Plexiglas partitions, arraignments of defendants from their homes and judges moderating virtual hearings have become the norm for courts across Michigan since COVID-19 was discovered in the state just over a year ago.
(TNS) — Plexiglas partitions, arraignments of defendants from their homes and judges moderating virtual hearings have become the norm for courts across
Courthouses — once full of defendants, their families, jurors and attorneys — are now empty halls of justice, with most hearings moved online to prevent the spread of the virus that has killed more than 16,000 Michiganians.
The use of technology to conduct proceedings remotely has allowed courts to continue functioning, and some hearings will remain remote even after the pandemic is over, including misdemeanor trials, civil matters, family court proceedings and motion hearings. In some courts, such as Wayne County Circuit, preliminary hearings have continued in person, with just the defendant, attorney, judge and support staff present.
But even with those innovations, courts across
A murder case that was scheduled to go to trial last month before
Such delays are especially troubling to defendants and their lawyers.
"Courts can't be on hiatus in the midst of a pandemic," said
"They can't be in front of a jury or trier of fact until the world opens back up again, which we don't know when that will be," he said. "So Zoom is good for a lot of things but bad for somebody who's maintaining their innocence. They're stuck in jail or even out on bond on a tether just waiting, waiting, waiting for their case to be in front of a jury."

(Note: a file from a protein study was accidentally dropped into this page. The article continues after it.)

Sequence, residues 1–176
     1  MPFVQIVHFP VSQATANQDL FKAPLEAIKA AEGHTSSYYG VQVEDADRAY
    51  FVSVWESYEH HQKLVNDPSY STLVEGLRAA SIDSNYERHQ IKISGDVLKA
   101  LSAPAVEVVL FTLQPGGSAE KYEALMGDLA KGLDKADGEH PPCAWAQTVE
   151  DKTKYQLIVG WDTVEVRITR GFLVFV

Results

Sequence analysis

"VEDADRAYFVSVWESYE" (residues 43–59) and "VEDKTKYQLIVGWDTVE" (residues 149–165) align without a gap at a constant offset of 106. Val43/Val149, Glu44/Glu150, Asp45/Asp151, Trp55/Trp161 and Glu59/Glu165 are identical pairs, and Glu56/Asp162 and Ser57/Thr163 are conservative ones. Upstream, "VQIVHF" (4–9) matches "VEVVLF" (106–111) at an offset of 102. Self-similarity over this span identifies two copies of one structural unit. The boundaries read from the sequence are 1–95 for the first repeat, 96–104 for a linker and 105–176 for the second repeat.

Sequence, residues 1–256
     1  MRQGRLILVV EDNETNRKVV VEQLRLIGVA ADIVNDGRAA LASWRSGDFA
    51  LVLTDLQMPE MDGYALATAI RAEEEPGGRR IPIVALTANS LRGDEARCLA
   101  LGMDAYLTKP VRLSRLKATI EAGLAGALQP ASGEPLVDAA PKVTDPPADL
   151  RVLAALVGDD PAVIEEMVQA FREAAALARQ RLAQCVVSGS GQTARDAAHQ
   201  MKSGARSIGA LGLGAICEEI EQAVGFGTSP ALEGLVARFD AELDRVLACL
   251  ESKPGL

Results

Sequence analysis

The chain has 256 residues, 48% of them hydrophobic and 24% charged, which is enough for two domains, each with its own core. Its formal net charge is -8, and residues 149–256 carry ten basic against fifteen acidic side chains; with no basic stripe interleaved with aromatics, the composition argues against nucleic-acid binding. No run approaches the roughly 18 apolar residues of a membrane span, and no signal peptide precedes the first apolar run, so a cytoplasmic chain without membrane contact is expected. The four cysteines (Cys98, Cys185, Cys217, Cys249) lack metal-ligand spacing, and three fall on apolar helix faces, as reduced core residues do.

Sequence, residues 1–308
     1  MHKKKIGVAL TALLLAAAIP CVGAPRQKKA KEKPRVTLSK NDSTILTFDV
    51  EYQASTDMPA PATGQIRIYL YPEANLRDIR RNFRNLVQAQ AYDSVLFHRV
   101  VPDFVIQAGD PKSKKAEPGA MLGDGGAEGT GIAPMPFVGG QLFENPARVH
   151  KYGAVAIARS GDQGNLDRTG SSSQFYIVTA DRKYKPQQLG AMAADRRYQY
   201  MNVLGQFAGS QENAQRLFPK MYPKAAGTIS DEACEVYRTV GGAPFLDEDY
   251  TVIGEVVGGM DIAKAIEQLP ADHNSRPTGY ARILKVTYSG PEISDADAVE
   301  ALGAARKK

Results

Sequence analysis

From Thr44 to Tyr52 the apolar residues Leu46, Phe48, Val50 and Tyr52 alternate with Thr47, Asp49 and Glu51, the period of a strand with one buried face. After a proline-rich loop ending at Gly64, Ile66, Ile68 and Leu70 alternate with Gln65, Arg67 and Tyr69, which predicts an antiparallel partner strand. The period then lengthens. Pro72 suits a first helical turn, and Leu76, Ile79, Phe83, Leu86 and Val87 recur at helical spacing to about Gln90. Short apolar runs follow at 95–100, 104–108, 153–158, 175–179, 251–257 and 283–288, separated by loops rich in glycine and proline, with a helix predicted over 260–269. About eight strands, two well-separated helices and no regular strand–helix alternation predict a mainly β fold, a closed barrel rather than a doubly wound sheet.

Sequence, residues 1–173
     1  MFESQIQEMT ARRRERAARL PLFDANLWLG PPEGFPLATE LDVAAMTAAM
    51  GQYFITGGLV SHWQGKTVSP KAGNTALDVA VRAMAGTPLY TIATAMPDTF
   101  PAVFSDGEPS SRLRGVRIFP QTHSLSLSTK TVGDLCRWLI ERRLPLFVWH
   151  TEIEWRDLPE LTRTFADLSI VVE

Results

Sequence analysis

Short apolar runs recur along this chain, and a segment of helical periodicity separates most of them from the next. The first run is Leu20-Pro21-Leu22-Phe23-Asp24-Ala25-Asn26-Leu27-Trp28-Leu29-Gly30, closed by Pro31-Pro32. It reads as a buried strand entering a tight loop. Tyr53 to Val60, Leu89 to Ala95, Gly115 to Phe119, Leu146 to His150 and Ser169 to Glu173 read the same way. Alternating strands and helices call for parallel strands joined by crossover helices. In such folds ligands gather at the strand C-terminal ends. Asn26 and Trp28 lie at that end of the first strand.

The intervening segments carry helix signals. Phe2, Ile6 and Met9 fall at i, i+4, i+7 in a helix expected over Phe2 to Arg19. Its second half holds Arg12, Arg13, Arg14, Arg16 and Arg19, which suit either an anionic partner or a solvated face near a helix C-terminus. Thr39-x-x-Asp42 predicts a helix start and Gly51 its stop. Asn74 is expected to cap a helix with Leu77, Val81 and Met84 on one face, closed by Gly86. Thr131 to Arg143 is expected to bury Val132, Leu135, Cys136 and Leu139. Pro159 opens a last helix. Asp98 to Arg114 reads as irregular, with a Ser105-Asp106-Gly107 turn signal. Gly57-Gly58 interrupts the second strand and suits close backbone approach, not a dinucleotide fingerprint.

"We have not been able to resume jury trials because of the rise in COVID-19 cases," said Chief Judge
She estimated the court's backlog at 80 to 90 cases "for which jury trials are expected, though some of these could settle before trial begins."
"Most of these trials will be associated with criminal cases," Kumar said. "A few are associated with civil and delinquency cases."
Under rules set by the State Courts Administrative Office, a county's courts can't resume jury trials unless the seven-day average of new COVID cases is at or below 70 per 1 million population and the positivity rate is 10% or less, Kumar said.
As of Sunday,
Kumar said court officials will consult with state and local officials about when to began having jury trials again.
"We want to be sure that the
Even when jury trials start up again, they won't look the same, at least for a while. Participants can expect to wear masks, face other restrictions and see plexiglass barriers around judges' benches, attorney tables and jury boxes.
And when a trial is in session, "no one will sit in the jury room," he said.
In an instance of "serendipity," judges and courthouses across
"We felt grateful that we had already gotten the Zoom licenses a year earlier," McCormack said. "We were unlike a lot of other state courts who had to scramble to find Zoom licenses. We were able to focus instead on training, tech support and tech tools. ... We really lucked out on that."
To date, local courts have logged about 2.4 million hours of proceedings and court appearances on Zoom, said
Whatever the shape of court proceedings to come, "my concern is what will justice look like" in the future, said Follmar, the
"Justice delayed can sometimes be justice denied," she said.
(c)2021 The Detroit News. Distributed by Tribune Content Agency, LLC.
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